I "Palm" Sunday -- the parade, the joy, the waving of palms, the palm crafts. But check this out: "palms" were not the symbol Jesus chose to ride in on. Palms are what "the crowd" chose. Jesus chose a donkey which is an important biblical symbol about just what kind of messiah/savior Jesus is. (More about that in a moment.)
THE DONKEY is a great teaching point when we want to focus on WHO and WHY we are cheering, so maybe we should also be looking at donkey-related lesson ideas and activities to help teach these points. Palms --i.e. what we are saying/waving BACK to Jesus, is another topic.
In subsequent posts in this topic, let's share our "donkey" ideas for Palm Sunday But first, I like to draw lesson and activity inspiration from the scripture itself, so I'm sharing this closer look at the symbol of the donkey and passages from Zech and Isaiah to help my understanding and reveal some teaching ideas to me., then I'll share some donkey ideas for Palm Sunday and hope you will too.
To begin, here's an excerpt from the excellent article at ChristianityToday.com titled:
John writes, “They took palm branches and went out to meet him” (John 12:13). Why did the crowd choose palm branches? It could simply have been that palms were nearby. But history tells us there might have been a deeper reason: Those (palm) plants were symbolically linked to military victories and Messiahship.
A generation before Jesus, when Simon Maccabee drove Israel’s enemies out of Jerusalem, people celebrated by waving palm branches:
On the twenty-third day of the second month, in the one hundred seventy-first year, the Jews entered it with praise and palm branches, and with harps and cymbals and stringed instruments, and with hymns and songs, because a great enemy had been crushed and removed from Israel. (1 Mac. 13:51, NRSV)
As Russell Moore writes, “Jesus is right in saying this sort of hatred and violence never leads where we think it will—to a vanquishing of all of our enemies and to a victory for ‘us,’ whoever ‘us’ is.”
Jesus picked a symbol that emphasized humility and lowliness instead of military strength.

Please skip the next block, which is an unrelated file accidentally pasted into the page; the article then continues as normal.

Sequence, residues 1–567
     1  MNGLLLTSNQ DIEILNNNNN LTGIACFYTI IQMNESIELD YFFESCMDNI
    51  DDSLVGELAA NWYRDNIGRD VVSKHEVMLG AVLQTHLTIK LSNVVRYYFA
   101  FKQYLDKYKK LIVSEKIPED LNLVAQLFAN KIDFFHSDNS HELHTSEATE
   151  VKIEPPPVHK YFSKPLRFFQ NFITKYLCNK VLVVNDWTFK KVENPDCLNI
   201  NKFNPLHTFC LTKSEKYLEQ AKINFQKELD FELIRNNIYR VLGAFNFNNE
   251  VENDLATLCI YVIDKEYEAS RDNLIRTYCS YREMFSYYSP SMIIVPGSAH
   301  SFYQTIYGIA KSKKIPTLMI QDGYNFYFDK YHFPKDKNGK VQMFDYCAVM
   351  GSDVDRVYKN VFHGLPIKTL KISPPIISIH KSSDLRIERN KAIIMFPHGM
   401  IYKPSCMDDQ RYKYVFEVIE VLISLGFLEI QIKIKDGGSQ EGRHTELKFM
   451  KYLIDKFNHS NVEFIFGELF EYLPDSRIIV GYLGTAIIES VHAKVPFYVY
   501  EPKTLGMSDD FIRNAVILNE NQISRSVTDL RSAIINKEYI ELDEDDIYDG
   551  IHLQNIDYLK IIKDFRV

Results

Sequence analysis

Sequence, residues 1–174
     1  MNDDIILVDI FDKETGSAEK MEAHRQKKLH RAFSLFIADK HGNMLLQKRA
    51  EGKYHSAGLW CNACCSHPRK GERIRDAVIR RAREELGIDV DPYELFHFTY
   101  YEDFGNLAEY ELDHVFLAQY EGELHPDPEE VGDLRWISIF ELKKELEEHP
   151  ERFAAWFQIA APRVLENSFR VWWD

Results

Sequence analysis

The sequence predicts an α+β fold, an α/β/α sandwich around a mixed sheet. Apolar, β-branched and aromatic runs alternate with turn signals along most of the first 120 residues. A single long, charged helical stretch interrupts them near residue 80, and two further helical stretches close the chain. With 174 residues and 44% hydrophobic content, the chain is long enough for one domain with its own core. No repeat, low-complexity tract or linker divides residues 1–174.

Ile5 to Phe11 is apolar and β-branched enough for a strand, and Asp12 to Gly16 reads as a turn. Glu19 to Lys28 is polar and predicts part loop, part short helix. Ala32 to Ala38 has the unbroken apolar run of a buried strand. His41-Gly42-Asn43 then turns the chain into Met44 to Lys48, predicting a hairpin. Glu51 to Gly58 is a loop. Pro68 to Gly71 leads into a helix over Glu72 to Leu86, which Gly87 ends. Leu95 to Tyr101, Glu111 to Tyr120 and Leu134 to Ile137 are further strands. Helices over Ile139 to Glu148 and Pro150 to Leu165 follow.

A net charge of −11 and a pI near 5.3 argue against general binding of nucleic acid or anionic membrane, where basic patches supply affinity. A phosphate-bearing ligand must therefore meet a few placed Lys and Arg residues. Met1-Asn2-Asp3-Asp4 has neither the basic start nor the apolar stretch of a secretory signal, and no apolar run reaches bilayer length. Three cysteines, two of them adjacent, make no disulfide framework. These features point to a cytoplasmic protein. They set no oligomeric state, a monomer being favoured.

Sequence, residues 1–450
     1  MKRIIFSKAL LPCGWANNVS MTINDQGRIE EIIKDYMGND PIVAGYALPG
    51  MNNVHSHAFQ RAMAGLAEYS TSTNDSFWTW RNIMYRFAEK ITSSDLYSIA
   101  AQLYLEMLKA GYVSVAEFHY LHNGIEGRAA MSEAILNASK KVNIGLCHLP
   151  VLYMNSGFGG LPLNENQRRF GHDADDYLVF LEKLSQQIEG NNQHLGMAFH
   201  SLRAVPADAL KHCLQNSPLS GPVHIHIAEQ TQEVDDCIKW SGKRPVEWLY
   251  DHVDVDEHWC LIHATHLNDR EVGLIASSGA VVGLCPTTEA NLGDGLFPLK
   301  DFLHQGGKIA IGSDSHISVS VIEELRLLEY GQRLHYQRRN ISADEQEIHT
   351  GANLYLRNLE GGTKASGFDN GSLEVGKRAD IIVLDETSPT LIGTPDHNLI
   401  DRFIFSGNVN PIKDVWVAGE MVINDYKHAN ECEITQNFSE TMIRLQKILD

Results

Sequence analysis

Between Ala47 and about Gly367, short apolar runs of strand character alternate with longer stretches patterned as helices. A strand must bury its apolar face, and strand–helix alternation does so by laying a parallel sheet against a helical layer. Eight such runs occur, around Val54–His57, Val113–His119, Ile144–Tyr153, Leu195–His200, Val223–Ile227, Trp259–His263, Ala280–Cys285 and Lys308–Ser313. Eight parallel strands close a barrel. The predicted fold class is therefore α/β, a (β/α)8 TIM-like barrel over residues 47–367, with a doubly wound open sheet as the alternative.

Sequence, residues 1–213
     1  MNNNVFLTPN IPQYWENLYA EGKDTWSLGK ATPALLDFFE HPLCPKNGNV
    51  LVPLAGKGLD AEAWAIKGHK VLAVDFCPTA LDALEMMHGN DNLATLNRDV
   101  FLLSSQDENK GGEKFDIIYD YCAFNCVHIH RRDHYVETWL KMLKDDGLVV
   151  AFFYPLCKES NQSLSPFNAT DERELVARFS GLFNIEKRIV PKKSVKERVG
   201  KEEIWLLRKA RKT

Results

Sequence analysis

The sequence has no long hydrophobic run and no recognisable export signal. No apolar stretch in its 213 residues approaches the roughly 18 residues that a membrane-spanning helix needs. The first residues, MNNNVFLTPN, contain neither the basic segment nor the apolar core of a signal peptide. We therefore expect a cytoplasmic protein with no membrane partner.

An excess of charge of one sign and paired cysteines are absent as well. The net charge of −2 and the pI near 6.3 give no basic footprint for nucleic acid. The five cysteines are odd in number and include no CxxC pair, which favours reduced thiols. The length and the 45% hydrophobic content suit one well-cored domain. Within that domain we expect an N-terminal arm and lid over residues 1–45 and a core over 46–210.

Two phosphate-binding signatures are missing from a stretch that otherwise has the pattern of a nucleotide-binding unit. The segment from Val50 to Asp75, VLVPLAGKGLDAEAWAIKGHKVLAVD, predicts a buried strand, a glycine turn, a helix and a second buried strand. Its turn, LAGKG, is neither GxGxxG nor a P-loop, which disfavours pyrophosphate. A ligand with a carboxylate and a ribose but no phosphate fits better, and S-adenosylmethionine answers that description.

What's "the donkey" all about?
...and how we can turn this knowledge into lesson ideas!
Of course, there's that passage in Zechariah 9:9 about The Messiah who comes "lowly and riding on a donkey." Throughout his ministry, Jesus understood the importance of symbolism, and telling his disciples to get him a donkey is a great example of that.
But to REALLY UNDERSTAND Zechariah and Jesus' Donkey, you have to read more than just Zech 9:9. YOU ALSO NEED TO READ Zech 9:10 (which few do in church).
I will cut off the chariot from Ephraim
and the war horse from Jerusalem;
and the battle bow shall be cut off,
and he shall speak peace to the nations;
his rule shall be from sea to sea,
and from the River to the ends of the earth.
In other words, the donkey is not a "war horse," it is a symbol of peace.
The ears were a dead giveaway
So often we teach that the donkey was a symbol of "humility," when more specifically, the donkey shows that the Messiah comes in peace, instead of with condemnation, judgment, and punishment. Jesus' peace is not just for the Jews, it's for the Gentiles too, even your enemies. It's for nations and communities, families and between individuals. And it's even for that part of you that needs to be healed. In that respect, "peace" and peacemaking are the very definition of "what it means to be humble."
This image of the Messiah as a "peacemaker" is very reminiscent of Isaiah 2:4 -- which is another familiar description of the Messiah that Jesus would have been well-acquainted with:
He will judge between the nations and will settle disputes for many peoples.
They will beat their swords into plowshares and their spears into pruning hooks.
Nation will not take up sword against nation, nor will they train for war anymore.
Palm Sunday's peacemaker parade and Jesus' quip in Luke 19:40 that "even the rocks would cry out." are also very reminiscent of Isaiah 55:12
You will go out in joy and be led forth in peace;
the mountains and hills will burst into song before you,
and all the trees of the field will clap their hands.
(Teaching Idea: So maybe we should be depicting mountains and hills BURSTING FORTH
and trees clapping their hands.)
Clearly, a humble peacemaker was not the kind of messiah that the Maccabeans or Pharisees wanted or expected. And because Jesus did not fit their expectations, they tried to silence him. The stone that the builders rejected has become the chief singing stone!
From a Sunday School lesson activity point of view, both Zechariah 9:9-10 and Isaiah 2:4 and Isaiah 55:12 are full of objects and actions that can be depicted, acted out, and even turned into games (stop the chariot, break the bow). Donkeys, bursting (blooming?) mountains, trees clapping their hands.
Okay...enough Bible musing, I'm going to post a few ideas and encourage others to do the same.